The Bureau of Labor Statistics reported today that the Metro Las Vegas-Paradise area registered the second largest over-the-year jobless rate increases in May, 2.8 percent, just behind Yuma, AZ, which posted a 2.9 percent increase.
The next largest rate increases were Yuba City, Calif. (+2.6 percentage points), and Carson City, Nev. (+2.5 points). Seven other areas reported rate increases of 2.0 percentage points or more. Two Indiana areas posted the largest over-the-year unemployment rate decreases: Kokomo (-6.6 percentage points) and Elk-hart-Goshen (-4.8 points). Four additional areas reported rate decreases of at least 2.0 percentage points.
Unemployment rates were higher in May than a year earlier in 222 of the 372 metropolitan areas, lower in 141 areas, and unchanged in 9
areas, the U.S. Bureau of Labor Statistics reported today. Thirteen areas recorded jobless rates of at least 15.0 percent, while 9 areas registered rates below 5.0 percent. The national unemployment rate in May was 9.3 percent, not seasonally adjusted, compared with 9.1 percent a year earlier.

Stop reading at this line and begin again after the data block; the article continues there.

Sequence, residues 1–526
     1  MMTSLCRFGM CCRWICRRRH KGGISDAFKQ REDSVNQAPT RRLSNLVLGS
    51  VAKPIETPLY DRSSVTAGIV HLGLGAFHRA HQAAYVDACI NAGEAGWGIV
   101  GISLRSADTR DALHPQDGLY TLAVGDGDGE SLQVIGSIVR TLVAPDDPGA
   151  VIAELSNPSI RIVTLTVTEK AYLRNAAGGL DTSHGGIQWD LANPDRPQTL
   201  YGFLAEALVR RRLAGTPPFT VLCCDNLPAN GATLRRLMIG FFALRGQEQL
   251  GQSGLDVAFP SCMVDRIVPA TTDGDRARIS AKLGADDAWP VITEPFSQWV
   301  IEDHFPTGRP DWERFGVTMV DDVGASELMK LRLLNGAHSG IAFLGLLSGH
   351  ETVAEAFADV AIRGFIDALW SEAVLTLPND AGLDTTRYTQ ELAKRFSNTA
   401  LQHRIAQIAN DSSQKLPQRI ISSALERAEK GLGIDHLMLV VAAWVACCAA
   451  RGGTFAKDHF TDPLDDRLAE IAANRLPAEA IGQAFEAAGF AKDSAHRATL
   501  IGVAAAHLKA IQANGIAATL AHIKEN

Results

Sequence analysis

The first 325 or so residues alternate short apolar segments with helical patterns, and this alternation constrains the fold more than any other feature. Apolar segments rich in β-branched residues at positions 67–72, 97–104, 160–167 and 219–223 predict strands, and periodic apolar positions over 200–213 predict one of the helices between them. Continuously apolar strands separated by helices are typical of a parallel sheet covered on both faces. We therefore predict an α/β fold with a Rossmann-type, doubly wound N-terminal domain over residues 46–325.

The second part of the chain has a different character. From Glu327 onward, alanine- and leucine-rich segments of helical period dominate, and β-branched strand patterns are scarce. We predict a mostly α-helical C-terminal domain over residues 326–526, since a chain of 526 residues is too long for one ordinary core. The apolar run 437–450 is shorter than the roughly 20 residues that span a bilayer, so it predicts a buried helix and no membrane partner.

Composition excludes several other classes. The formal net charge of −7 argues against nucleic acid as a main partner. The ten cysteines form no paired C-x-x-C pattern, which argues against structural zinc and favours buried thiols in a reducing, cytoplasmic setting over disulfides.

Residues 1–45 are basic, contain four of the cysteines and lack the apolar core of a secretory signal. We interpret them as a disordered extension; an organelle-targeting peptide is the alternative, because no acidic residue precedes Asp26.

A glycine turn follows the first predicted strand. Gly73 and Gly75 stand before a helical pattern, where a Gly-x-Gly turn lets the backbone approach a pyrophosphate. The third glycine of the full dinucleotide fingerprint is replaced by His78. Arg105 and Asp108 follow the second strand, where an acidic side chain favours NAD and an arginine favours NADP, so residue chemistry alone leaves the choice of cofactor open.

According to the Federal Reserve’s Federal Open Market Committee (FOMC) the economic recovery is proceeding and that the labor market is improving gradually. Household spending is increasing but remains constrained by high unemployment, modest income growth, lower housing wealth, and tight credit.
The FOMC’s report said “Business spending on equipment and software has risen significantly; however, investment in nonresidential structures continues to be weak and employers remain reluctant to add to payrolls. Housing starts remain at a depressed level. Financial conditions have become less supportive of economic growth on balance, largely reflecting developments abroad. Bank lending has continued to contract in recent months. Nonetheless, the Committee anticipates a gradual return to higher levels of resource utilization in a context of price stability, although the pace of economic recovery is likely to be moderate for a time.”
The FOMC report said “Prices of energy and other commodities have declined somewhat in recent months, and underlying inflation has trended lower. With substantial resource slack continuing to restrain cost pressures and longer-term inflation expectations stable, inflation is likely to be subdued for some time.”